I’m just going to come straight out with the most exciting, best learned lesson from lab work. I’m a bone expert and can tell the difference between mammal, bird and fish bone to a T. Impressive I know. Besides this mind blowing fact that has changed my view of myself, I was pleasantly surprised to find out two things. First, that archaeology has a lot of work (aka lab work) to do once done with the grueling excavation process most people think to be the only part of archaeology, second that it can actually be quite entertaining and fun.
One could almost deduce that excavation is the easy part. After that, one has to take everything found, and separate it into bags according to what it is. If thats not a lot of work, you have to label everything exactly where it came from. And although we did not need to do this during our two hour lab experience, one also has to clean the artifacts and perve them. A challenging aspect of our lab work, specifically, was having to relabel and separate bags already labeled, we had to fix inconsistencies for artifacts, and didn’t always have the information right or in some cases at all. Therefore, having to label them as surface finds, in a case of a medicine bottle that came with no information. This emphasized the large importance of small details not being overlooked and following protocol to clearly and correctly label everything that needs labeling.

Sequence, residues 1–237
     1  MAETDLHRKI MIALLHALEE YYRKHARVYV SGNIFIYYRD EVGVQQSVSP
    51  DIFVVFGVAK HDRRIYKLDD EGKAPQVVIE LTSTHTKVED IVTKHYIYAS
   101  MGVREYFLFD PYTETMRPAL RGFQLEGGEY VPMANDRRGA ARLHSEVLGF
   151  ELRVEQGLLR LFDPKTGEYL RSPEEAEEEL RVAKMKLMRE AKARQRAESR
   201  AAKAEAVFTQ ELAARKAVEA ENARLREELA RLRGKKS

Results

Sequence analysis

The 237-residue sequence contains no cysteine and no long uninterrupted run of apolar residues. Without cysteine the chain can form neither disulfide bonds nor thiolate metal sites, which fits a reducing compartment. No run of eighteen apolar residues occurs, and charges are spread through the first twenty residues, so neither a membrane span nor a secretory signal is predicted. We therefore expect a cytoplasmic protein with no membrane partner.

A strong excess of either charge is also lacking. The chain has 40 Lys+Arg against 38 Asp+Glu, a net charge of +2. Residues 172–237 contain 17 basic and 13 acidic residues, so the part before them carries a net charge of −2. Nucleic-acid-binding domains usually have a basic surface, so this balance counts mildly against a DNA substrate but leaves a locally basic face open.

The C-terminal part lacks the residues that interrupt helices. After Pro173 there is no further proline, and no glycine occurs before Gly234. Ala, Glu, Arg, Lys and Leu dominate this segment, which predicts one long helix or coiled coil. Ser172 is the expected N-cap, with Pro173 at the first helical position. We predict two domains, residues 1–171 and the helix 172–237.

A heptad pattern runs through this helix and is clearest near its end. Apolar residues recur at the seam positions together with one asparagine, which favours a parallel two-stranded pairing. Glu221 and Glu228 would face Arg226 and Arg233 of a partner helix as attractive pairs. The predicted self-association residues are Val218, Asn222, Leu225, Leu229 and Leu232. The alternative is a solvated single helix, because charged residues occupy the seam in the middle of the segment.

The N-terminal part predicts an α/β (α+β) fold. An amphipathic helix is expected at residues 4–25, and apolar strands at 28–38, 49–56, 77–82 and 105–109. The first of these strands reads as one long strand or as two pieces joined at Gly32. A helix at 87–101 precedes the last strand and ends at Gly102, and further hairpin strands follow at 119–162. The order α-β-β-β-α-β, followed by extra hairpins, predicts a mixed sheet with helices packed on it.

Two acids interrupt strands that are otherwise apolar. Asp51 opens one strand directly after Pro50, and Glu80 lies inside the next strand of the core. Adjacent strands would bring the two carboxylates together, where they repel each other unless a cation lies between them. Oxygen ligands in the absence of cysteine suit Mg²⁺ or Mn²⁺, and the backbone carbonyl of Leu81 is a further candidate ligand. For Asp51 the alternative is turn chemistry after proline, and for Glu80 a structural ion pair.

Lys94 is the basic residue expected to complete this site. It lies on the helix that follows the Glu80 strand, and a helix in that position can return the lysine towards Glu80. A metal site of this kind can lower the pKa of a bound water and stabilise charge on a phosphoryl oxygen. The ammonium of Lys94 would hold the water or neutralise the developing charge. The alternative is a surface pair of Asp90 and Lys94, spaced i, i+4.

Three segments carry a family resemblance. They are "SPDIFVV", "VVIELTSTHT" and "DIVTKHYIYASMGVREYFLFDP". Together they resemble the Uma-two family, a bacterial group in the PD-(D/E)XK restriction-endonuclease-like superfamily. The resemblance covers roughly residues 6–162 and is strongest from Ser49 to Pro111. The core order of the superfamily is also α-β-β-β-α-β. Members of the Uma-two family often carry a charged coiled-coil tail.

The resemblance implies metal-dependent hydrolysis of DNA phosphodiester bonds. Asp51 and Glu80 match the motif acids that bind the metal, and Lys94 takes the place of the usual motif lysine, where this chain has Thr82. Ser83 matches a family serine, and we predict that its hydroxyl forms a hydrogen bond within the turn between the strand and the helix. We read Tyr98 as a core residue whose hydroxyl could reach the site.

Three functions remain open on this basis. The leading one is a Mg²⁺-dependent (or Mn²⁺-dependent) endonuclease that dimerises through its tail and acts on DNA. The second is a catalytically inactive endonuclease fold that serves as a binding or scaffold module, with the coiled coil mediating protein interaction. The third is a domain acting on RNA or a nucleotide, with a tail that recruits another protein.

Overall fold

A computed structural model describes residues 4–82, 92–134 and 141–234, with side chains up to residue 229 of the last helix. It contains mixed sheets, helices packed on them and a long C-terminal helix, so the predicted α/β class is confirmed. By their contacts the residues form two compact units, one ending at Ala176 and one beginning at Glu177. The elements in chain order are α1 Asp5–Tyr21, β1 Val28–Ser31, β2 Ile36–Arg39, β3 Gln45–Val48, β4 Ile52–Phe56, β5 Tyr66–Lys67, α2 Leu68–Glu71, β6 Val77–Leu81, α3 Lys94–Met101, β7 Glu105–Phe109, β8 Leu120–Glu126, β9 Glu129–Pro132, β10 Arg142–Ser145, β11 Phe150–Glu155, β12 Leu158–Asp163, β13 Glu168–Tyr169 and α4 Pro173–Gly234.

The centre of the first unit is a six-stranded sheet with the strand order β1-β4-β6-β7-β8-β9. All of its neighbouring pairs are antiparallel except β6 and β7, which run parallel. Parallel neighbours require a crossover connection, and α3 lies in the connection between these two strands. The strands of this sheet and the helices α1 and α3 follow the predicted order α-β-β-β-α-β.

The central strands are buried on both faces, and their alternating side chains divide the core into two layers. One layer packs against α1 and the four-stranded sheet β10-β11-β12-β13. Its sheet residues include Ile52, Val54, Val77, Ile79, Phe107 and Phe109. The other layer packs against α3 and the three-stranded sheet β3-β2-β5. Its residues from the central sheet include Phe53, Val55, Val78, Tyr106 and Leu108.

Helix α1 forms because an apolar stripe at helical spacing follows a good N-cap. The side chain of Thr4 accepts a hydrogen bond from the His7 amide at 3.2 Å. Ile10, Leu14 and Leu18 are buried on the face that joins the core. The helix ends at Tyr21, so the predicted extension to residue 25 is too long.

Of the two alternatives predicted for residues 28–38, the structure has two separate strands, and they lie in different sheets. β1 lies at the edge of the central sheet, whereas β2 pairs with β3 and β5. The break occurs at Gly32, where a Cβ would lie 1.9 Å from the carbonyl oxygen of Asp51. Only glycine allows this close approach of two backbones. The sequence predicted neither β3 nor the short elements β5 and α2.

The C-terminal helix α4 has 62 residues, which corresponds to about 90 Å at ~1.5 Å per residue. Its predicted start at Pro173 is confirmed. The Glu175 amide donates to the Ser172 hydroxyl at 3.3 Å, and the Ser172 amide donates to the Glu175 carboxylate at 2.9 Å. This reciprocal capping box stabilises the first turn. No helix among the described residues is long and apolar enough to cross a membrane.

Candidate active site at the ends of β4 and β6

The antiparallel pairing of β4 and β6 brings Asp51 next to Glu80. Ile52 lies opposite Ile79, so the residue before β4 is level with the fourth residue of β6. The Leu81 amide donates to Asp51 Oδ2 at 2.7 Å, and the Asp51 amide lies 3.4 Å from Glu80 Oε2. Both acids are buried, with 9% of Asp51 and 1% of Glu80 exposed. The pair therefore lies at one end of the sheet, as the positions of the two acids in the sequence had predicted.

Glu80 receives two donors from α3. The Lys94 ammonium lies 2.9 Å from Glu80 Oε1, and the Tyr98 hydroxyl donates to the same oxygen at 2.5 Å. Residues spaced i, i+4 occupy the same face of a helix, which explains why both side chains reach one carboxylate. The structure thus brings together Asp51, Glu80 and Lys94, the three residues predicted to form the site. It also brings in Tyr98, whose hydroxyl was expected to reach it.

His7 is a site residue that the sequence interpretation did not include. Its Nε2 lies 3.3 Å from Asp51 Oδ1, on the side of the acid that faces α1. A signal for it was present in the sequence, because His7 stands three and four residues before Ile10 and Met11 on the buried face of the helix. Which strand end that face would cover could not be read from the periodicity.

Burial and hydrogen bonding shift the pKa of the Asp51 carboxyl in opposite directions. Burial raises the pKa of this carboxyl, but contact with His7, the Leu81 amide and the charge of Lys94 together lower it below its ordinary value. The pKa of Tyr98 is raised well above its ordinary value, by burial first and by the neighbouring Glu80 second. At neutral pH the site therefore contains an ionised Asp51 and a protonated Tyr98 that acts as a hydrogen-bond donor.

I think its pretty clear that there are many stereotypes about archeology, how it is basically Indiana Jones, right? Even if someone has overcome that stereotype, many people still don’t picture archeologist in a lab, sitting on turning chairs, in nice work clothes, listening to music, with bright pink painted nails, sorting through everything found at a site. But it is a large part of archaeology, and this lab experience showed exactly this. That without this last step in the lab, excavation would be worthless.
My statement earlier might be misguided though. Sitting in air conditioning singing along, or I was singing my heart out, while my classmates gave me a quizzical glances, to songs I love, learning about history and sorting through artifacts that were actually really cool and intriguing was something I enjoyed on a Friday afternoon. More importantly though, something very necessary and important to the process of performing an archaeological excavation on a site. People tend to not look past whats put in front of their eyes. In this case, seeing artifacts go straight from digging to a museum. They miss one of the most important steps, and without this step, archaeology would not let us look back in the past, to help the better the future.